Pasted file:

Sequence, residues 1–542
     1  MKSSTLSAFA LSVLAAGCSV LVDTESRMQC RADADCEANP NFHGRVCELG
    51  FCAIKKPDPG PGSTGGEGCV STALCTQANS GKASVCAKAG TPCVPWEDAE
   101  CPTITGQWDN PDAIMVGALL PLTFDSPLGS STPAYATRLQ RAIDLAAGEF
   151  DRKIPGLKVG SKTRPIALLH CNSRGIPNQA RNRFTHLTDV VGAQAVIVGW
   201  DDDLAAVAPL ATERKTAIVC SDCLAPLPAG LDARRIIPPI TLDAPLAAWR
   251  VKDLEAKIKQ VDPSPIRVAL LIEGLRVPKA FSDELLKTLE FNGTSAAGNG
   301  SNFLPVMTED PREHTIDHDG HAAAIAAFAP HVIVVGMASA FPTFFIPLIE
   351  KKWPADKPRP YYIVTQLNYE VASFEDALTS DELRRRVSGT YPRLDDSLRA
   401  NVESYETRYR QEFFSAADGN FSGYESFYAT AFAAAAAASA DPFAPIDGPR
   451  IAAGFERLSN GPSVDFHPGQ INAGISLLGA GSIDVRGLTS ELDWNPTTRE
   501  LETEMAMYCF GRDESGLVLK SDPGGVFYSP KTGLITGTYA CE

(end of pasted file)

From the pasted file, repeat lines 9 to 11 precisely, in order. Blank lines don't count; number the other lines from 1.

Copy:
   351  KKWPADKPRP YYIVTQLNYE VASFEDALTS DELRRRVSGT YPRLDDSLRA
   401  NVESYETRYR QEFFSAADGN FSGYESFYAT AFAAAAAASA DPFAPIDGPR
   451  IAAGFERLSN GPSVDFHPGQ INAGISLLGA GSIDVRGLTS ELDWNPTTRE